KEEPING SCORE: The Dow Jones industrial average added 61 points, or 0.4 percent, to 15,827 as of 2:24 p.m. Eastern time. The Standard & Poor’s 500 index rose 3 points, or 0.2 percent, to 1,852. The Nasdaq composite fell 10 points, or 0.2 percent, to 4,461.
Stocks were on pace for far bigger gains earlier in the day. The Dow was up 272 points shortly after noon.
ENERGY STOCKS: Oil and gas stocks climbed after a plunge a day earlier. Natural gas company Southwestern Energy jumped after saying it will eliminate around 1,100 jobs in the next few months. Its shares added 89 cents, or 12.1 percent, to $8.27 and pipeline company Kinder Morgan rose $1.65, or 13.7 percent, to $13.66. Coal and natural gas company Consol Energy surged 85 cents, or 16.9 percent, to $5.93.
OIL GAINS: U.S. crude rose $1.23, or 4.3 percent, to $29.58 a barrel in New York. On Wednesday U.S. crude took its biggest one-day loss since September. Brent crude, a benchmark for international oils, rose $1.39, or 5 percent, to $29.27 a barrel in London.
LITTLE RECOVERY: On Wednesday the price of oil suffered its worst one-day drop since September and stocks skidded. The S&P 500 index closed at its lowest level in almost two years, and the Nasdaq was at its lowest value in more than a year.
MORE STIMULUS? Stocks got a lift after European Central Bank head Mario Draghi said Thursday the ECB will consider using more stimulus measures at its next meeting in March as it tries to bolster the European economy. The prospect of more stimulus sent the euro down to $1.0883 from $1.0894 late Wednesday.
The ECB has been buying government-backed bonds, and the yields on 10-year Treasury notes backed by European countries dropped following Draghi’s remarks. That suggests investors expect government bond prices to rise.
THE QUOTE: David Lefkowitz, senior equity strategist at UBS Wealth Management, said the ECB is responding to the current turmoil in the markets while the Fed wants to keep raising interest rates and Chinese economic policy seems to be in disarray.
But he thinks the market could get another lift next week if the Fed acknowledges the turbulent state of the markets at its January meeting. The Fed raised interest rates for the first time in almost a decade in December, and Lefkowitz said investors are hoping for signs the Fed plans to go slowly.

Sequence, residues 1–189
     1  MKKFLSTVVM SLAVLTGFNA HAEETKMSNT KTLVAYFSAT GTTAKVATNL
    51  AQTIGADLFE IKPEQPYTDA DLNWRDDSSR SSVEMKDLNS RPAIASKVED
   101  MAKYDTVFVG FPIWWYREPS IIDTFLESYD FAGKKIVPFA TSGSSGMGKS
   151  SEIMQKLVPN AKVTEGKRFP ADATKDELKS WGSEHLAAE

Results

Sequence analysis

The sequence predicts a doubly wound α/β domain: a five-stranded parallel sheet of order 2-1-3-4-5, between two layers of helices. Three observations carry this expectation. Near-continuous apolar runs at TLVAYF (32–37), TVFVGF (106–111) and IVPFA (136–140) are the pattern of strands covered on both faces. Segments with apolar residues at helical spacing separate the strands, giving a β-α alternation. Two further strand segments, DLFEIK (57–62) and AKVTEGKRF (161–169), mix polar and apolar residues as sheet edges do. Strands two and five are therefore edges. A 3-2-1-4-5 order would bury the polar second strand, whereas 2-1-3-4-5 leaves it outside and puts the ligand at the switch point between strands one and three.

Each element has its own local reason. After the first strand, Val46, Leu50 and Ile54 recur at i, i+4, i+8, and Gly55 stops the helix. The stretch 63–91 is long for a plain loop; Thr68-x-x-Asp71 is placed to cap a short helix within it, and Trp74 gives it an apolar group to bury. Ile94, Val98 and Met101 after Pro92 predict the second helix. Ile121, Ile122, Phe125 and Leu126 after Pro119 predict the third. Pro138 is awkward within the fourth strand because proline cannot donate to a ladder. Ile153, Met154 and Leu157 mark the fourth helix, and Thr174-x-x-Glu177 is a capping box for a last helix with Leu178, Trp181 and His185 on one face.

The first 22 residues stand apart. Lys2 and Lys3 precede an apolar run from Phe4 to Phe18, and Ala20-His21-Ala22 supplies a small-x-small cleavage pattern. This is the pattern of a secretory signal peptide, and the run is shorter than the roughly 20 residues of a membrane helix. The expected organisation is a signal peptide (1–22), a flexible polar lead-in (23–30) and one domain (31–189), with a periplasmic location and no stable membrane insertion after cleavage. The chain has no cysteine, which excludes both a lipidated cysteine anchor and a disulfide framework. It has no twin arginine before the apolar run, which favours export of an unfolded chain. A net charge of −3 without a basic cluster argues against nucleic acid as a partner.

“At least one of the major central banks is willing to be … more pragmatic and recognize that when facts change, you may need to revisit your policies,” he said.
TELECOM RISES: Telecom stocks rose after Verizon, the largest U.S. cellphone carrier, reported better-than-expected results in the fourth quarter. Verizon said it turned a profit in the fourth quarter and held on to more customers. Its shares gained $1.32, or 3 percent, to $45.74. AT&T shares rose 54 cents to $34.44.
BUYING MOOD: Consumer stocks also gained ground. E-commerce giant Amazon picked up $6.18, or 1.1 percent, to $577.95. Department store operator Nordstrom rose $1.49, or 3.2 percent, to $47.59 and Home Depot gained $3.34, or 2.9 percent, to $119.80.
RAILROADS NOT WORKIN’: Union Pacific’s fourth-quarter profit and revenue fell far short of Wall Street estimates. CEO Lance Fritz said the uncertainty in energy and commodity markets and the strong U.S. dollar will continue to affect the railroad’s business this year. The stock lost $2.50, or 3.4 percent, to $71.11.
OTHER ENERGY TRADING: Wholesale gasoline rose 3 cents, or 2.7 percent, to $1.04 a gallon. Heating oil jumped 5 cents, or 5.6 percent, to 91 cents a gallon. Natural gas gained 4 cents, or 1.7 percent, to $2.15 per 1,000 cubic feet.
SALLIE MAE-OK: Student loan company SLM Corp., or Sallie Mae, reported a larger than expected profit in the fourth quarter. Its shares jumped 63 cents, or 11.6 percent, to $6.04.
OVERSEAS: Britain’s FTSE 100 rose 1.8 percent, Germany’s DAX climbed 1.9 percent and France’s CAC gained 2 percent. Tokyo’s Nikkei 225 lost 2.4 percent, Hong Kong’s Hang Seng was down 1.8 percent and China’s Shanghai Composite sank 3.2 percent.
METALS: The price of gold fell $8 to $1,098.20 an ounce and silver declined 6.6 cents to $14.094 an ounce. Copper rose 3.7 cents, or 1.9 percent, to $1.997 a pound.
CURRENCIES: The dollar rose to 117.54 yen from 116.78 yen. The yield on the 10-year Treasury note rose to 2.02 percent.